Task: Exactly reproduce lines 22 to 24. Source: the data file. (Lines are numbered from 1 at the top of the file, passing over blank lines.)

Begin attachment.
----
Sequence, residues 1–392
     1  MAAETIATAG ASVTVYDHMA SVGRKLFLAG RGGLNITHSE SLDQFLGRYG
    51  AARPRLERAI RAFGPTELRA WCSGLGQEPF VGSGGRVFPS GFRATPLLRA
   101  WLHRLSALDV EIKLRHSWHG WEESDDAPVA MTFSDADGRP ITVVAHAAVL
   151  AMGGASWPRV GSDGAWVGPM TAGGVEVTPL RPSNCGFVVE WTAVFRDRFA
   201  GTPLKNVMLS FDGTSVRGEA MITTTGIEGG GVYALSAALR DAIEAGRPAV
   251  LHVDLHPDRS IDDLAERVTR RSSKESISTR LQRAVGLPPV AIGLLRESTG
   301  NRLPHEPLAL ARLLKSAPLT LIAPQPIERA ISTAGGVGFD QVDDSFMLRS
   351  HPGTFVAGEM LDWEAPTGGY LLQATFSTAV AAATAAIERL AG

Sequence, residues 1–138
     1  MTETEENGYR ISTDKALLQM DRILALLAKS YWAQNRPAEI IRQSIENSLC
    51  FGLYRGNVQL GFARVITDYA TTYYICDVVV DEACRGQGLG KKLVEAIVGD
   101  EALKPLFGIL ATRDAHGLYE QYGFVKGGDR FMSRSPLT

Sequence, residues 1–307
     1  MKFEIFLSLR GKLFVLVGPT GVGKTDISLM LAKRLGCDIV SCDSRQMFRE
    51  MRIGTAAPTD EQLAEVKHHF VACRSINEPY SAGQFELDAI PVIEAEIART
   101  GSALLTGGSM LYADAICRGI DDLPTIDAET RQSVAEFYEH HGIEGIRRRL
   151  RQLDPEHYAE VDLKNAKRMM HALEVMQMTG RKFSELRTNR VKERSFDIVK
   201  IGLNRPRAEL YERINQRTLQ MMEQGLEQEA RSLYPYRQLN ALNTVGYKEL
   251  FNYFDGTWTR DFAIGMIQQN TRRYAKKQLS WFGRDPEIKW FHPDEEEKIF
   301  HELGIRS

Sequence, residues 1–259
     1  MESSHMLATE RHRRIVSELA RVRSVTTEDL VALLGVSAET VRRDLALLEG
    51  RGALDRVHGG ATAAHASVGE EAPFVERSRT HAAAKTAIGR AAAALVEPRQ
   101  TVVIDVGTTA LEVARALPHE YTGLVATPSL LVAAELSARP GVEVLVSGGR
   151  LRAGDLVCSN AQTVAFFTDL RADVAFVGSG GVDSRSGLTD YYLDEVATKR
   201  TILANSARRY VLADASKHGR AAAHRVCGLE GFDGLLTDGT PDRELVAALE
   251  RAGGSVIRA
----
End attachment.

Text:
Sequence, residues 1–259
     1  MESSHMLATE RHRRIVSELA RVRSVTTEDL VALLGVSAET VRRDLALLEG
    51  RGALDRVHGG ATAAHASVGE EAPFVERSRT HAAAKTAIGR AAAALVEPRQ